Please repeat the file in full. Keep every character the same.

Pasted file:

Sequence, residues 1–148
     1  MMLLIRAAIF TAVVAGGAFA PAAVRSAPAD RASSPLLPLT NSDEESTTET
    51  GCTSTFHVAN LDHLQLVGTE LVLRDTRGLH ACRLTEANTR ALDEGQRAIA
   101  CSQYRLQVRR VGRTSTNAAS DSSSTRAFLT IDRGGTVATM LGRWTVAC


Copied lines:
Sequence, residues 1–148
     1  MMLLIRAAIF TAVVAGGAFA PAAVRSAPAD RASSPLLPLT NSDEESTTET
    51  GCTSTFHVAN LDHLQLVGTE LVLRDTRGLH ACRLTEANTR ALDEGQRAIA
   101  CSQYRLQVRR VGRTSTNAAS DSSSTRAFLT IDRGGTVATM LGRWTVAC